For the last two or three weeks, it seems that the first thing many of the people I meet on the street in downtown Magnolia say to me is, “I see they’ve closed your office. What happened to the Upper Crust? What happened to our bakery?”

I can only answer, “I don’t know.” 

I don’t get involved in the politics of business or the gossip. I found out about the bakery closing like most everybody else did: I got a phone call from one of the other bakery regulars, telling me that I’d better be at the bakery the next day because the owners were closing it down and the regulars were meeting for one last cup of coffee.

The Queen Anne/Magnolia News recently described us regulars as “Village elders” who gather there most mornings to share coffee, news and friendly companionship.

We don’t think of ourselves so much as “elders,” but more like the “Bakery Babes, plus Gary and Al.” Or, as the Lady Majorie refers to them, as the “Bakery Bagettes,” of which she is one. 

 

More than just food

Looking back through history, the Village Bakery was once owned and operated by Arnold and Hedy Rusch, Swiss immigrants who had both worked in New York at the 1940 World’s Fair. They then came to the Northwest to run the Swiss Bakery in Downtown Seattle. 

By 1949, they had saved enough money to buy Binick’s Electric Bakery (about which I could find nothing) on West McGraw Street, across the street from the current location of the bakery.

Besides servicing Magnolia, the Ruschs also did specialty baking for a number of commercial accounts.

I first became aware of the Village Bakery in late 1977. I had just been discharged from Harborview hospital and had lost at least 50 pounds during my stay. I was living alone and could eat almost endless pastries. The bakery should have hired me as a shill: “Look at this skinny guy! Every time you’re in here, he’s always eating. Look how thin he stays.”

Well, that didn’t last long. For the last couple of decades, I’ve mostly limited myself to just daily cups of coffee.

A new bakery, the Upper Crust, was then opened across the street by Judy Quinton and her daughter Sheri. The Quintons expanded the selection of bakery treats from those that were offered by the Swiss bakery across the street, and I switched allegiances and started to hang out there. 

I wasn’t the only one. The bakery soon began to attract larger numbers of Magnolia residents as they visited the Village. 

Mothers with baby strollers and trailing, little kids soon found that it was a good place to take a break, maybe get the kid a cookie and meet other mommies with similar interests and problems.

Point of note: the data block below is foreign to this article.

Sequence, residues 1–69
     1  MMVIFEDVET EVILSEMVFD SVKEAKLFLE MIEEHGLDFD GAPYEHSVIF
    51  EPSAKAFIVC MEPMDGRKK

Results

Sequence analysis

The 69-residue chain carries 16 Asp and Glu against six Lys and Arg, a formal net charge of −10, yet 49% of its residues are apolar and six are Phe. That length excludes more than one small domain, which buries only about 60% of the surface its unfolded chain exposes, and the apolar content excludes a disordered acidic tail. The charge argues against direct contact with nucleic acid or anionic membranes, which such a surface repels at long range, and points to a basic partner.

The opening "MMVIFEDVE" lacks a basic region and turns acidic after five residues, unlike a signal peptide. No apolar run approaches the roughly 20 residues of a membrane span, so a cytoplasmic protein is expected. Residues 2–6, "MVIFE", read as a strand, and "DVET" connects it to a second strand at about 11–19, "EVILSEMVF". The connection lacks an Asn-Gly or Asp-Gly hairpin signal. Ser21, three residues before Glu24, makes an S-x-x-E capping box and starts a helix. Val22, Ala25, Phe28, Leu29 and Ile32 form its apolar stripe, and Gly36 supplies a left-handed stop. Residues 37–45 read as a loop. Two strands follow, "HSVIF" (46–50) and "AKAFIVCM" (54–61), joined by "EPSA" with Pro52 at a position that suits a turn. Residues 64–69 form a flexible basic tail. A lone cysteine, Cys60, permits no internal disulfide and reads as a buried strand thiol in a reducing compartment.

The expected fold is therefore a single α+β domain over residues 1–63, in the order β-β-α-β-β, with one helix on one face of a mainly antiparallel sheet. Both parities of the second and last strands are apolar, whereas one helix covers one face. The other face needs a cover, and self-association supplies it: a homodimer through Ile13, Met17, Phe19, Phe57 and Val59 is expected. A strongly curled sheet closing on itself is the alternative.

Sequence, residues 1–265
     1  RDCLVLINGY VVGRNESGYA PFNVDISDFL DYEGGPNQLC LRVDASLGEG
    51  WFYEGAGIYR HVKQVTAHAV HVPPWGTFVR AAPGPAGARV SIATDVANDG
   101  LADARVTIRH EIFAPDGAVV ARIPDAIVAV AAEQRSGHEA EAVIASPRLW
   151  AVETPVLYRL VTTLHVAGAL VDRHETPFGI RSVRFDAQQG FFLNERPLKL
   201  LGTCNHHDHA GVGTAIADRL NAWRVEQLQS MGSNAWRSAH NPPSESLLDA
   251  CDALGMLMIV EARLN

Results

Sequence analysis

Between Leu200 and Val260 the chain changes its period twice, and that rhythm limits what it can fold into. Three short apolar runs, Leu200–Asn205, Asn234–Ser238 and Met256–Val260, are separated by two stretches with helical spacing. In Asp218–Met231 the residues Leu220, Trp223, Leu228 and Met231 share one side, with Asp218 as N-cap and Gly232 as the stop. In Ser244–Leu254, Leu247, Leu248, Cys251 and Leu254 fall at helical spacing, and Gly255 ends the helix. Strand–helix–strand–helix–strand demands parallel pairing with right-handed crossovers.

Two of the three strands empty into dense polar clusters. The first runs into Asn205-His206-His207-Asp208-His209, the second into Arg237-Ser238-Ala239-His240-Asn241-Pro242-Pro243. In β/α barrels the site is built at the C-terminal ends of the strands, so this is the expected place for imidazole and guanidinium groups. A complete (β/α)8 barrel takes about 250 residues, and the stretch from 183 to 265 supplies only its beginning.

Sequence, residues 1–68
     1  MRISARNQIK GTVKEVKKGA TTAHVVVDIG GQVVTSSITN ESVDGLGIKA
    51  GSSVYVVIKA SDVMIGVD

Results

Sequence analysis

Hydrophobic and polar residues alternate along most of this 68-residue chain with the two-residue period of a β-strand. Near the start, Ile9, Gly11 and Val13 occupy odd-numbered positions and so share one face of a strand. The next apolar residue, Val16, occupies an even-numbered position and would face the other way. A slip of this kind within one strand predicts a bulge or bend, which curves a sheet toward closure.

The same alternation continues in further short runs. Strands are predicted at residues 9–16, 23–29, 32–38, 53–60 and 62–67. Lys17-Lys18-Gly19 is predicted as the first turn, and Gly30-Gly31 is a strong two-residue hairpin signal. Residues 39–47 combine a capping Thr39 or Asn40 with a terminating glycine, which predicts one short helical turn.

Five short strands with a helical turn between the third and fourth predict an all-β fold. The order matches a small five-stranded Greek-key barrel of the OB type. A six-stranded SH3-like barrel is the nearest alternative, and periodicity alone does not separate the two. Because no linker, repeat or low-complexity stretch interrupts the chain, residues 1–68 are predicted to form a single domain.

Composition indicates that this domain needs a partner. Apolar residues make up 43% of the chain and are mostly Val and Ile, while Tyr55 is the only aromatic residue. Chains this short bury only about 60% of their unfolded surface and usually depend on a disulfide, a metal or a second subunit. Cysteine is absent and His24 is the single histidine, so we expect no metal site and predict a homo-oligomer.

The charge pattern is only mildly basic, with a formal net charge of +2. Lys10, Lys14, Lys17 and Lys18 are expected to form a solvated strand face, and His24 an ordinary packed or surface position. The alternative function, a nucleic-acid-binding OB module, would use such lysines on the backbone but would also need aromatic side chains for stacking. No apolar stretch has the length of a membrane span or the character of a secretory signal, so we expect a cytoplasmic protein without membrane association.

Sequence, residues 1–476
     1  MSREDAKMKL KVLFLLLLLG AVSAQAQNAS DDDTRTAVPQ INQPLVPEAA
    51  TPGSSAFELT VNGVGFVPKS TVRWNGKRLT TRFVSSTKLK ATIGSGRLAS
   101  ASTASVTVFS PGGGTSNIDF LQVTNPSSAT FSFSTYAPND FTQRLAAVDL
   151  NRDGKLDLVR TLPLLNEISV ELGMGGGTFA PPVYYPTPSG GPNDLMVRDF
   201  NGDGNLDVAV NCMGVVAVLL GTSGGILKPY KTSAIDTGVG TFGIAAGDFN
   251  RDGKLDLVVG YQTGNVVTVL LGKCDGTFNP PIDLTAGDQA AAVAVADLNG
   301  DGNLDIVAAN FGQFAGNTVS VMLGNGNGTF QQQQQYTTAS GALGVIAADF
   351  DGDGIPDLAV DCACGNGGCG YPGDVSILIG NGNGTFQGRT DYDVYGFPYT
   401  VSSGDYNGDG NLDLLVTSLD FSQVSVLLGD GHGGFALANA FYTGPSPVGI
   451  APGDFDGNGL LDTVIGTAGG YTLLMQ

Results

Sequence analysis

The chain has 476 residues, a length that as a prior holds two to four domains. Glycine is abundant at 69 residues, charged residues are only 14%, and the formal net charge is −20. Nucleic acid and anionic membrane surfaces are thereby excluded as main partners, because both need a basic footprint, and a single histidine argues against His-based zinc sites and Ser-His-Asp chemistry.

The bakery had become a meeting place, almost a clubhouse. Groups of women would collect there after an exercise class, figuring that a cup of coffee or a cookie was a just reward after all the physical work they’d just done.

 

Early risers

The next owner was Gunther Werner, who already had a successful bakery in the University District. Because of that, he knew which choices moved well, and he started offering more European items. Gunther’s age eventually became a factor, and he decided to retire. 

He then sold the bakery to Pia and Peter Larsen. Peter’s uncle owned Larsen Bakeries, and although the Upper Crust was entirely independent from them, Peter introduced many Danish selections to the offerings.

Peter and Pia became good friends of the Lady Marjorie and myself, and we began to learn just how much work running a bakery is. 

To begin with, the profit margin of a bakery is very thin. Once you’ve paid for the building rent, the raw materials to make your product, hired counter help, another baker to help with production — and I’m sure there are many more additional costs I haven’t yet mentioned — a bakery just doesn’t take in that much money.

On top of all that, there are the hours bakers must keep. While you and I are sleeping peacefully, the baker is up at 3 a.m., working hard at bread, cake, roll and Danish production. There were times when I’d find myself hanging out with Peter in the early, pre-dawn morning, and I was amazed at the amount of work baking consumed.

Peter and Pia have two daughters, Mette and Birgitte, who regular bakery customers watched grow up from blond-haired little kids into charming, young women.

Bakery customers, during the Larsen ownership, were treated as friends who happened to shop at the Upper Crust. There were at least two wine bus tours to the Yakima area organized at the bakery, and I remember the charter of a fish boat on the Sound, too.

Peter often commented, “I’m not running a bakery; I’m running an adult day-care center.”

The Larsen's then decided to move to Minnesota and placed the bakery for sale again.

Kara Kozber, who worked in the back of the bakery in the production area, where she learned how to prepare all of the scrumptious, butter-laden, bakery treats, then took over the bakery ownership, until being a single mother with two girls became too much work, and the bakery was sold again to Anna and Mike Beard.

Mike and Anna fought a good fight, but they began to realize that the hours were just too punishing. Having a young son, Aidan, they, too, were going to miss too much of his growing up. So, sadly, the bakery was closed.

 

A new place

There are a few of us old bakery stalwarts, however, who, in searching for a new daily coffee spot, have discovered, up the street, the Serendipity Cafe, owned by Jennifer Young and Nanette Baker, as a suitable new coffee lounge. 

The only problem is that they don’t have a window from which I can sit to watch the Magnolia traffic pass by.